Article in Japanese
Reversible lesion in the splenium of corpus callosum associated with toxic shock syndrome: a case report
Shinjiro HORIKAWA, Hirokazu KANEGANE, Keiko NOMURA, Toshio MIYAWAKI
A 9-year-old girl presented with fever, skin eruption and disturbance of consciousness. Toxic shock syndrome (TSS) was suspected although she did not have hypotension, because purulent discharge from the impetigo on the back of the right axillar showed gram positive cocci indicating staphylococci. Subsequently, flow cytometry was performed to analyze T-cell receptor (TCR) repertories of the peripheral blood T cells. The result revealed that TCR
Vβ2+ T cells had strongly increased (about 18%; normal value: 10% or lower), and the patient was diagnosed with TSS. On the first day of admission, magnetic resonance images (MRI) of diffusion-weight disclosed hyperintensity in the splenium of the corpus callosum (SCC). The disturbance of consciousness disappeared within a few days with antimicrobial treatment, and the hyperintensity lesion of the SCC returned to normal in MRI images taken on the 9th day.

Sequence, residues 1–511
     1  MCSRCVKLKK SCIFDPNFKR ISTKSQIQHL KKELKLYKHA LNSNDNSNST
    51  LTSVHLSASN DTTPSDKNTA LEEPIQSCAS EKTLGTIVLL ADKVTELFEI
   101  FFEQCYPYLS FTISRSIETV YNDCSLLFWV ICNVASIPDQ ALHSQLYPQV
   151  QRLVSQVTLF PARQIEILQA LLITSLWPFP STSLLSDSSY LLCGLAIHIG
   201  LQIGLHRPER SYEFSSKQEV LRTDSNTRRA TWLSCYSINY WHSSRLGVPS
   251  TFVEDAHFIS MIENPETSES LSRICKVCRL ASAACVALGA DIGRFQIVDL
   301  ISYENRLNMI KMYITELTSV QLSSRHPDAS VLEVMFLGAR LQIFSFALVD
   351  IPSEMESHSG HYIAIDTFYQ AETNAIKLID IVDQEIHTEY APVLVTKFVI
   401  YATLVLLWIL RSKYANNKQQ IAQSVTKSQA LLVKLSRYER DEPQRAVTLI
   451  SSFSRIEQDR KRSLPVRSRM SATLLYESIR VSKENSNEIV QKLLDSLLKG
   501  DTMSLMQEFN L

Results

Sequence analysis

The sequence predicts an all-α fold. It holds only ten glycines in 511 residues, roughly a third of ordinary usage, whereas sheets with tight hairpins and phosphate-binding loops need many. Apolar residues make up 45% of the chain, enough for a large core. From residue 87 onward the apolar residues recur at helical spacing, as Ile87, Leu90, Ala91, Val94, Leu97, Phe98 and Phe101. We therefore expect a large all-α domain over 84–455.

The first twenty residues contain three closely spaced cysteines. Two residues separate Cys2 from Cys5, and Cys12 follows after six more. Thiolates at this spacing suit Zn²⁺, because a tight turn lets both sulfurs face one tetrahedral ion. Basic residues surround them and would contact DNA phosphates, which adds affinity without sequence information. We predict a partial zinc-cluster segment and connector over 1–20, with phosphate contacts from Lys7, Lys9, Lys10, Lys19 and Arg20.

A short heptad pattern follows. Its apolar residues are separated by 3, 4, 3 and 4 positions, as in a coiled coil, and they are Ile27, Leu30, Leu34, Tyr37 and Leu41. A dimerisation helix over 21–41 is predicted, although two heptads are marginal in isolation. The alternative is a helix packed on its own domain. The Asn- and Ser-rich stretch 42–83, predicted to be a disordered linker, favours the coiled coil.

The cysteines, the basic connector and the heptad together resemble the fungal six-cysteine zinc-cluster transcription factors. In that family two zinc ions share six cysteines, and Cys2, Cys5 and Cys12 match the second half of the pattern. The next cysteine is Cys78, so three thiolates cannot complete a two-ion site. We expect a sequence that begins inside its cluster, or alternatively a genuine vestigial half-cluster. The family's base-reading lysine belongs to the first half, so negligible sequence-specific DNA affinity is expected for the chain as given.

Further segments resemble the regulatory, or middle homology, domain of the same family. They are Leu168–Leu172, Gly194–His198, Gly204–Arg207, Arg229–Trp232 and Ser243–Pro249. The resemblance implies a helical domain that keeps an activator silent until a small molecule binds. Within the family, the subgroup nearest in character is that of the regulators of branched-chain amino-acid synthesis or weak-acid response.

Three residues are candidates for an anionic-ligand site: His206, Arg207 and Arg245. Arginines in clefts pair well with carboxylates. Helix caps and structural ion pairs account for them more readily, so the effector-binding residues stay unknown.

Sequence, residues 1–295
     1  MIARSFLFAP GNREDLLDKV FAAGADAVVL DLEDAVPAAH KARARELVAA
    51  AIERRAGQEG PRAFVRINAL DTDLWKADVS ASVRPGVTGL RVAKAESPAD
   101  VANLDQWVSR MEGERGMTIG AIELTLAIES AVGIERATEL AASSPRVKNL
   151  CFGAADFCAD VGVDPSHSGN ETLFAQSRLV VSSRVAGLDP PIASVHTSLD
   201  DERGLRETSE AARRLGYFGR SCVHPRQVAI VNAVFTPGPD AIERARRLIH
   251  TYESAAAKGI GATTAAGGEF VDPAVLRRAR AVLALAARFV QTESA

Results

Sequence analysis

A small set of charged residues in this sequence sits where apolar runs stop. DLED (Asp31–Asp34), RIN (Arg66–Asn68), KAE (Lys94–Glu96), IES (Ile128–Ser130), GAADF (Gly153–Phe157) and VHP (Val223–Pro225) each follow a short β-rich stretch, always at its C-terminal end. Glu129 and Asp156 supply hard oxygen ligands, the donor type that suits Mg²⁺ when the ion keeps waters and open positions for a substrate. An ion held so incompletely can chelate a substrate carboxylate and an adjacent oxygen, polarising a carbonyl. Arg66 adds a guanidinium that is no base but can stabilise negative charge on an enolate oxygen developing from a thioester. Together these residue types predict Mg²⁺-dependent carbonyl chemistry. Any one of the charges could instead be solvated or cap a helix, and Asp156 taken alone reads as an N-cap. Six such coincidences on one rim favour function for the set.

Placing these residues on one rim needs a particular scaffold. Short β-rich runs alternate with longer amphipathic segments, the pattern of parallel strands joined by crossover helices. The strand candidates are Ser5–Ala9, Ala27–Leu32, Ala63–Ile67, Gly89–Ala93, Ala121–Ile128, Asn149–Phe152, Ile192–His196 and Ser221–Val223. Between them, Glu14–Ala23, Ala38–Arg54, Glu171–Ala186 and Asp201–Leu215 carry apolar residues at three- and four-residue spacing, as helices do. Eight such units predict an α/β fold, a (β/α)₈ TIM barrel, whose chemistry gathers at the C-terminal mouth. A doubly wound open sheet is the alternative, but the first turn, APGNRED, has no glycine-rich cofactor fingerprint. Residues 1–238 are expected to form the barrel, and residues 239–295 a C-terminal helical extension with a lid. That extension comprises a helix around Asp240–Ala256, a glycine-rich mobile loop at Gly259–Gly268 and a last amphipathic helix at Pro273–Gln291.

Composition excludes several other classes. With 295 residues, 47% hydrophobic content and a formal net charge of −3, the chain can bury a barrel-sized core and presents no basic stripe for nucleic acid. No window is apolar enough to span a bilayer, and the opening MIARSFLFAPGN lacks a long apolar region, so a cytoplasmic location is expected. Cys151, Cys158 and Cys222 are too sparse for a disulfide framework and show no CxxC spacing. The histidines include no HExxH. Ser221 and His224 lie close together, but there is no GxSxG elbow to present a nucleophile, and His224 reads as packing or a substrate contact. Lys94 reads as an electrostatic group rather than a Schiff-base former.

An MRI finding of a discrete focal nonhemorrhagic lesion in the central portion of the SCC is a rarely found in clinical practice. The reason for the transiently decreased diffusion in the lesions remains unclear, as almost all reported cases were described as having encephalopathy secondary to virus infections. This is the first reported case of TSS associated with reversible lesion in SCC.
Department of Pediatrics, Graduate School of Medicine, University of Toyama
|September 14, 2010
|January 20, 2011